The church must rather put her trust in her covenant God to help her. Her hope must be in Jehovah, the God of Jacob. When there are wars and rumors of war, we must trust in Jehovah to keep us. When there is persecution and threat of violence for the church, we must confide in the God of Jacob. When there is poverty and scarcity, we must hope in the Lord. And certainly as we begin the year 2004 we must look to our covenant God, confide in Him, and expect our help from Him alone.


Put not your trust in princes, nor in the son of man, in whom there is no help.

It would often appear that there is help in princes. Princes often hold great power. Some have tremendous ability. The history books are full of illustrious princes who have done great things. They have led massive armies. They have conquered mighty nations. They have persuaded the masses with a golden tongue. And so many look to them for help in the time of need. Their hope is in their prince.

But the fact is that there is no help in princes. Any help they provide is very limited in scope and of short duration. And any lasting help that provides for our real needs is not found in princes.

The obvious reason is that they are merely the sons of men. And being the sons of men their breath goeth forth, i.e., they expire. They die. They return to the earth, i.e., at death they go to the grave, where they return to the dust of the ground. In that very day their thoughts perish. By thoughts are meant all their dreams and schemes and all that they accomplish. In the day that they die, the thoughts of the princes of this world all perish.

What true, lasting help can they provide?

On the other hand, we have every reason to put our trust in our covenant God.

For as the psalmist makes clear in the rest of this Psalm, Jehovah is able to care for our every need. He it is that “made heaven, and earth, the sea, and all that therein is” (v. 6). As the great Creator, Jehovah also reigns over all forever. “The Lord shall reign for ever, even thy God, O Zion, unto all generations” (v. 10). There are two ideas here. First, Jehovah, in His almighty power, controls all things. There is not a thing, great or small, that God does not rule absolutely. Secondly, Jehovah God does not rule only for a few years, and then pass away. He rules forever, so that His thoughts do not perish but are realized and stand forever.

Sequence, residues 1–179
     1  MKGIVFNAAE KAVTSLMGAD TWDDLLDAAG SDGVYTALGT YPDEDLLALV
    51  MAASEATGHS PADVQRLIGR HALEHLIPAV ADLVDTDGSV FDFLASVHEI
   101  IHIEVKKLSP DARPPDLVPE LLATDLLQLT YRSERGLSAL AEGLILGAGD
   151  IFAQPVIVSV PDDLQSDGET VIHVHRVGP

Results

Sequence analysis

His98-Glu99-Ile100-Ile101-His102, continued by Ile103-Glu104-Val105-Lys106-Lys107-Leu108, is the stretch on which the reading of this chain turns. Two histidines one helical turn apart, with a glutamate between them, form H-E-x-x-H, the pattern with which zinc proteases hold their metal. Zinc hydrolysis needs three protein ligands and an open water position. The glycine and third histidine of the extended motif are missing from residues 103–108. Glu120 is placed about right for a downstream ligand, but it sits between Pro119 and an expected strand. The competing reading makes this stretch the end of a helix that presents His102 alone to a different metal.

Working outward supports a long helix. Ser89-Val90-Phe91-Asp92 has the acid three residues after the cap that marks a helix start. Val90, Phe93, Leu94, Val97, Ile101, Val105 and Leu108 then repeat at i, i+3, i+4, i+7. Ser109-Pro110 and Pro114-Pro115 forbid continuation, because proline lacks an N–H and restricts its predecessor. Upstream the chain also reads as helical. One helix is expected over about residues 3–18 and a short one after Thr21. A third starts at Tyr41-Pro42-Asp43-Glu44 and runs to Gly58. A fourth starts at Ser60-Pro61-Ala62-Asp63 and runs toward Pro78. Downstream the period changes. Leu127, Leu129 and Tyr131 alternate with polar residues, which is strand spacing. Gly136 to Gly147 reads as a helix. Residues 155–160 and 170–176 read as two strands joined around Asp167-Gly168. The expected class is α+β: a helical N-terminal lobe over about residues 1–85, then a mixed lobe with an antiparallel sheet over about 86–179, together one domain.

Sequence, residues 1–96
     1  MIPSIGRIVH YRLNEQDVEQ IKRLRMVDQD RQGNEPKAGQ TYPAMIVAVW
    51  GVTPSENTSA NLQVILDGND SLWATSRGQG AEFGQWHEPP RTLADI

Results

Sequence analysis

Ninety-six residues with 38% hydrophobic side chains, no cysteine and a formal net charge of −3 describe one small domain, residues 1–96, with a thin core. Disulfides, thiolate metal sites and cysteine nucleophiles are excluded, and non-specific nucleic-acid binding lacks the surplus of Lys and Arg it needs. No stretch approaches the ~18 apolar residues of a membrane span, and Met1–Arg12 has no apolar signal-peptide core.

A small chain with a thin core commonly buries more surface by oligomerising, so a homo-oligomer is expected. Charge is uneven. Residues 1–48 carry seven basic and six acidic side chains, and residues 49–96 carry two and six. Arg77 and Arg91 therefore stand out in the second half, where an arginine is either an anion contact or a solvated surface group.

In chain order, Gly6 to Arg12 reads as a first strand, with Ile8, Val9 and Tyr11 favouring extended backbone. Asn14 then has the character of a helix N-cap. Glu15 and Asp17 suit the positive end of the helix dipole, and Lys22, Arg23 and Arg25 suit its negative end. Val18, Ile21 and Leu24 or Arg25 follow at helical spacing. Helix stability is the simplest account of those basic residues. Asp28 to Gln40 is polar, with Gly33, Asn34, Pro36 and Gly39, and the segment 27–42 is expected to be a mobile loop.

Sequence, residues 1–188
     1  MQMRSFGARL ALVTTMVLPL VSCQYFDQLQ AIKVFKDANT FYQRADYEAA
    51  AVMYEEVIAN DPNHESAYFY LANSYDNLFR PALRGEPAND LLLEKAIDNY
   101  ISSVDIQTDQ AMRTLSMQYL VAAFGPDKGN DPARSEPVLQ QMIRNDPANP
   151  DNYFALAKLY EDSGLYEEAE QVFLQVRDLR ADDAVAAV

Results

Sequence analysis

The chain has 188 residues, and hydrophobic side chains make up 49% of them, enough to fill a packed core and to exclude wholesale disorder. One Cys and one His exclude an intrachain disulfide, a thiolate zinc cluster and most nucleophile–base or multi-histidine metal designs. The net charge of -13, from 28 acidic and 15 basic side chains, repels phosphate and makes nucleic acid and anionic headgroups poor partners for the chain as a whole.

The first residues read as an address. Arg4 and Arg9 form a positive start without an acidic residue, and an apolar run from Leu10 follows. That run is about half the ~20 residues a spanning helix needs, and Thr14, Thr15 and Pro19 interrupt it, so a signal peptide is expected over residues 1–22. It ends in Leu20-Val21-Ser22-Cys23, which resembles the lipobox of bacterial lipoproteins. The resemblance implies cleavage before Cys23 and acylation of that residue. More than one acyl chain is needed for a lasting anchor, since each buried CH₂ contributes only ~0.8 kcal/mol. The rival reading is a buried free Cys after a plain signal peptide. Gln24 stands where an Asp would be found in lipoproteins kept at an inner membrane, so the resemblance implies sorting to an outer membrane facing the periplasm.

Certainly, the God of Jacob is able to help us in all our needs.

And being our covenant God He is willing to help.

The basic idea of the covenant is friendship. As our covenant God, Jehovah is our friend. As our sovereign friend, Jehovah God loves us and will care for us. It is His eternal desire and purpose to care for us in our every need. So intent is He in this purpose that He gave His only begotten Son to the agony of the cross to secure our salvation and eternal welfare. In verses 7-9 the psalmist gives an indication of the kind of care Jehovah provides for us in His covenant. He executes judgment for the oppressed, gives food to the hungry, looses the prisoners, opens the eyes of the blind, raises them that are bowed down, loves the righteous, preserves the strangers, and relieves the fatherless and widow. There is nothing that our covenant God will withhold from us. It is all designed to keep us safely in this life as well as to bring us to Himself in eternal covenant bliss in a better life to come.

Certainly, our trust and our hope are well placed in Jehovah, the God of Jacob.


Happy is he that has the God of Jacob for his help.

Certainly those who put their trust in princes will not be happy. There is no help in princes. Those who rely on them will be without help. The hope they have as they wait for help is a false hope. Their hopes can only be dashed again and again. After repeated disappointments, those who trust in princes will ultimately perish in their misery.

But those who have the God of Jacob for their help shall be happy. For there is help in the God of Jacob. There is help in Him alone! And all those who both trust and hope in Him will receive His help.

Where is your trust? In whom do you hope?

In this New Year and for every year of your life, put your trust in Jehovah and your hope in the God of Jacob.

Happy is he that hath the God of Jacob for his help, whose hope is in the Lord his God.